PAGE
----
If you prefer poultry's dark meat, are planning a holiday meal for 6 to 8 people, or are just an adventurous cook, maybe it's time for you to learn how to roast a goose. The cooking process is not too hard and the results are juicy and tasty meat.
Why Cook Goose
Goose is extremely fatty, similar to duck. They're big enough to serve a large crowd: in the ballpark of 10 to 12 pounds for a young goose. (To be precise, what we roast is technically a gosling, about 6 to 8 months of age.) Like duck, it's also a red-meat bird and goose breast is meant to be cooked medium-rare. You'll want to watch the cooking closely, the overcooked goose isn't like overcooked chicken or turkey. Instead of turning dry and stringy, it will become tough and chewy and taste like liver.
Prepare the Goose
You'll want to buy a grain-fed goose. Fresh geese are usually available most of the year (April to January) and frozen ones are available year-round. If you get a frozen one, be sure to defrost it in the refrigerator, just as you would for a frozen turkey. For a 10 to 12 pound goose, expect this to take 48 hours. Once it's thawed, let the goose sit at room temperature for half an hour before you begin cooking. (Do this with a fresh one as well.)
There may be whole slabs of fat within the body cavity, which you should pull out. Trim away the tail and those loose flaps of skin around the opening of the body cavity. Save these bits! Goose fat is a marvelous thing. You can render it out to use for searing the breasts and also for making roasted potatoes. Simply drop the fat into a small saucepan along with about a cup of water. Simmer until the fat melts, then chill and scrape the solidified fat off the top.
Rendering the Fat
Since goose has large amounts of fat under the skin, you have to render it out so that you don't just bite into mouthfuls of fat when you eat it. Quite a few roasted goose recipes start off by steaming the goose to render out the fat. Sometimes the steaming is followed by braising, concluding with browning the skin.
As a cooking technique, this is perfectly valid, but it's not technically roasting. A goose cooked that way will not have crispy skin and crispy skin is one of the highlights of a roasted goose.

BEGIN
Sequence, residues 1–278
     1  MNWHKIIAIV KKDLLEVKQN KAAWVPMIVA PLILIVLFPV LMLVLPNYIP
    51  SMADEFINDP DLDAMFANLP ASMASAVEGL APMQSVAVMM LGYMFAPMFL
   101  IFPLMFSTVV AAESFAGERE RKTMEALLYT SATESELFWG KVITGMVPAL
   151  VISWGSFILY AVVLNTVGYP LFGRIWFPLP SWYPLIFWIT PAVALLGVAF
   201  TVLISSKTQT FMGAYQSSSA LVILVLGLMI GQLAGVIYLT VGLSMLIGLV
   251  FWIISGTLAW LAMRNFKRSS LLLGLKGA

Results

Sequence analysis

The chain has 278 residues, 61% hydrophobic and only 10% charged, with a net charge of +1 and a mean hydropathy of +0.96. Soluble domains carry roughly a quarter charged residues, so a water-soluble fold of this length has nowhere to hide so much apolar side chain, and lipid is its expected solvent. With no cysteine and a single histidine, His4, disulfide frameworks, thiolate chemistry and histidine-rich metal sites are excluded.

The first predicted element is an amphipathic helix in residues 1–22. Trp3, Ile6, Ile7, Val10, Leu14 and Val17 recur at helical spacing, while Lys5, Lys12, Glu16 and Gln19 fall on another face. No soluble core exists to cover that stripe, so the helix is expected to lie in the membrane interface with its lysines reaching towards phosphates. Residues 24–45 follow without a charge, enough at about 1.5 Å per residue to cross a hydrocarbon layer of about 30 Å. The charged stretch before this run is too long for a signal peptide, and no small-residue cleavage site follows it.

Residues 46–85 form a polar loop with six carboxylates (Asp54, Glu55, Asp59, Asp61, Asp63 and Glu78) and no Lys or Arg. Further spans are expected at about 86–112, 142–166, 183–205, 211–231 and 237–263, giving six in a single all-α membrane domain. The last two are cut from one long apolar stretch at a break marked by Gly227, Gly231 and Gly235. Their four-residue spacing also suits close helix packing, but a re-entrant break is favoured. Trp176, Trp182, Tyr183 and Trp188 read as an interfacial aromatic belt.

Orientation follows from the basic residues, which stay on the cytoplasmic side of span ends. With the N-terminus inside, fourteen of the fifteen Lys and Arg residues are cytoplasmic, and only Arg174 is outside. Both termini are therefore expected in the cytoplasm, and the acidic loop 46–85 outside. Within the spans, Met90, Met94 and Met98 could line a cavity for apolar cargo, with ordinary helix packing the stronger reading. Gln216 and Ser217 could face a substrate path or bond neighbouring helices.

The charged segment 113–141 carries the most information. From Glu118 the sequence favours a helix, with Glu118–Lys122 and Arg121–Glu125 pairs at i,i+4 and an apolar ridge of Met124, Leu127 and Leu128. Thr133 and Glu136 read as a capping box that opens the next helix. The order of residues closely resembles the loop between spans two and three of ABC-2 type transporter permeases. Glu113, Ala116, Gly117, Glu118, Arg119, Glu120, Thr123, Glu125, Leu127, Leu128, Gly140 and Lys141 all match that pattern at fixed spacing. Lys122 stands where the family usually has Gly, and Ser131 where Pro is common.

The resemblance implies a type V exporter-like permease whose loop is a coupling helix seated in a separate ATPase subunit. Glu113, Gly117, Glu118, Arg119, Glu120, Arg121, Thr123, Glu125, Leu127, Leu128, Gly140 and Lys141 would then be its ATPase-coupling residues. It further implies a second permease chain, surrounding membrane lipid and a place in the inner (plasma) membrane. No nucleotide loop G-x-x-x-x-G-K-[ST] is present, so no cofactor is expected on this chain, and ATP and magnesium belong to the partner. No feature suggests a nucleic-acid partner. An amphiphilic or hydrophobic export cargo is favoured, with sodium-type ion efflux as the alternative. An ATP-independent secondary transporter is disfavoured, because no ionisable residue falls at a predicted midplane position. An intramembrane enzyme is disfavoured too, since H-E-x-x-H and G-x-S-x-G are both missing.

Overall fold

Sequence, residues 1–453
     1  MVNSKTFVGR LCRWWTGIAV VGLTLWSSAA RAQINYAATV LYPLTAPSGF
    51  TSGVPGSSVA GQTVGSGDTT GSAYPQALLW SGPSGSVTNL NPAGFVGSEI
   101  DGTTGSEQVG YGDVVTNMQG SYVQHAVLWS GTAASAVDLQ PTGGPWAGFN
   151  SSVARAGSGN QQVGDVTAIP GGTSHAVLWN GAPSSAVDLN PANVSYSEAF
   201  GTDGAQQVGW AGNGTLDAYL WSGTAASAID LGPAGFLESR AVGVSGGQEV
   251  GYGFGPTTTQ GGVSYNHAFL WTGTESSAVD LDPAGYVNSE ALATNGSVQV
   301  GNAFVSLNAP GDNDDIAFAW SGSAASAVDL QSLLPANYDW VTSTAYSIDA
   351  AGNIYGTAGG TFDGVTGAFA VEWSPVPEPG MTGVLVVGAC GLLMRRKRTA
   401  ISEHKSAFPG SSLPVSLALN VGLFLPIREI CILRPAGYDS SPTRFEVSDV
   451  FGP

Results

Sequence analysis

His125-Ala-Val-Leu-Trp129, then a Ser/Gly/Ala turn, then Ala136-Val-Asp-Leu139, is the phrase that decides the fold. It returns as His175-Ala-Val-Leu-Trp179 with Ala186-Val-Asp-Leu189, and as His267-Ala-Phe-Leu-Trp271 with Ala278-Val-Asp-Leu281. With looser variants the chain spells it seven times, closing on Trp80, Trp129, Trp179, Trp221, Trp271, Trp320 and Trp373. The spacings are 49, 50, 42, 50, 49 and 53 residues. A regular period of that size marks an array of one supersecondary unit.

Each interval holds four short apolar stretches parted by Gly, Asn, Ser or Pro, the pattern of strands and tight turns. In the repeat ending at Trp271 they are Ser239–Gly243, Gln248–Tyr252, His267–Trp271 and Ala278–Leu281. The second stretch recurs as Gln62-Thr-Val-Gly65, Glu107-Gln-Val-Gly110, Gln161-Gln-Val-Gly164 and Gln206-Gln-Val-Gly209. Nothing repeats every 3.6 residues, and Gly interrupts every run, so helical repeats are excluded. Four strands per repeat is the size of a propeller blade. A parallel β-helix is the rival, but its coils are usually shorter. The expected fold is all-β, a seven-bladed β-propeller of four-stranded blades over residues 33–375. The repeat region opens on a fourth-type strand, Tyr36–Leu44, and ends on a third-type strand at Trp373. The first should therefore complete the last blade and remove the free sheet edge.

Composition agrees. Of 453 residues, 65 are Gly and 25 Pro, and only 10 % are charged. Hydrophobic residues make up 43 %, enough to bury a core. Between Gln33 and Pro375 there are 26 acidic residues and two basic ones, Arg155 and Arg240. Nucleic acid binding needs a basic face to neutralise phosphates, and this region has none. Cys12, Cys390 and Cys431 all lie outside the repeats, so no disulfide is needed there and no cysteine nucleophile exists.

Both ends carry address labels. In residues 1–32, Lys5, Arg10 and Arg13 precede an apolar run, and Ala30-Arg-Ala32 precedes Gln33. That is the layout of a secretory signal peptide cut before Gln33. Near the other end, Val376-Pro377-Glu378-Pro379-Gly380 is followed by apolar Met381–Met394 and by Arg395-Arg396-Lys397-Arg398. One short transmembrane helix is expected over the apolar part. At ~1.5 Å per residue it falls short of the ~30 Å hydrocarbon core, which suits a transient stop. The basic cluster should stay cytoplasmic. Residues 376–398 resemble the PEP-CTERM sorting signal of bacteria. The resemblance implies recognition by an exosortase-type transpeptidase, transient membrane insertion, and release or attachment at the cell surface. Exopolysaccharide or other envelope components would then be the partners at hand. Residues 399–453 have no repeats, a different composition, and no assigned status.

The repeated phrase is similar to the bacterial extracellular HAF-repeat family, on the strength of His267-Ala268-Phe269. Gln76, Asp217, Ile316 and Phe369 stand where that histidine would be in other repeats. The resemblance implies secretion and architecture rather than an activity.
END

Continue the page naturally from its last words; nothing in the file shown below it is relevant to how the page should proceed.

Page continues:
You can steam the goose to render out the fat and then roast it. If you do this, you'll need to let the goose dry out overnight to ensure that the skin crisps up when you roast it. To start the rendering, you'll need a roasting pan with a rack, an instant-read thermometer, and a digital probe thermometer.
Steps to Roast the Goose
Preheat the oven to 350 F.
- Prep the goose by pricking the skin with a heavy gauge needle or safety pin. Prick at an angle so you don't go too deep. You only want to pierce the skin and the fat, not the flesh underneath.
- Season inside and out with Kosher salt and freshly ground black pepper. Halve an apple, an orange, and an onion and stuff them into the cavity, along with some fresh sage.
- Place the rack in the pan and the goose on the rack. Pour 2 cups of hot water into the pan and transfer to the oven.
- Roast for about 40 minutes, then take the temperature at the breast with your instant-read thermometer. If it reads below 130 F, leave it in and check again in a few minutes. Once the temperature of the breast is reading between 130 to 140 F, take the goose out and carve off the breasts. Set them aside and cover in foil. The breast meat should look pink.
- Insert your probe thermometer into the deepest part of the thigh and set the alert temperature for 170 F. Return the bird to the oven and roast until the thermometer alert goes off, another 30 to 40 minutes. Remove the goose from the oven, cover with foil and let rest for 15 minutes.
- Get a sauté pan hot, add some of your rendered goose fat and sear the breasts, skin-side down, for about 4 minutes, until the skin is super crispy and golden brown. Set aside.
- Carve off the legs and wings and sear them the same way, skin-side down. Meanwhile, slice the breasts on a slight bias. When the legs and wings are nicely browned, remove from heat.
The liquid at the bottom of the pan is valuable. Pour it into a container and let it chill. The fat will rise to the top and you can use the liquid below for stock.
As for the fat, it's worth its weight in gold. Use it for roasting potatoes, roasting vegetables, sautéeing, or anywhere you'd use butter. It can even serve as shortening for pie crusts or other baked goodies.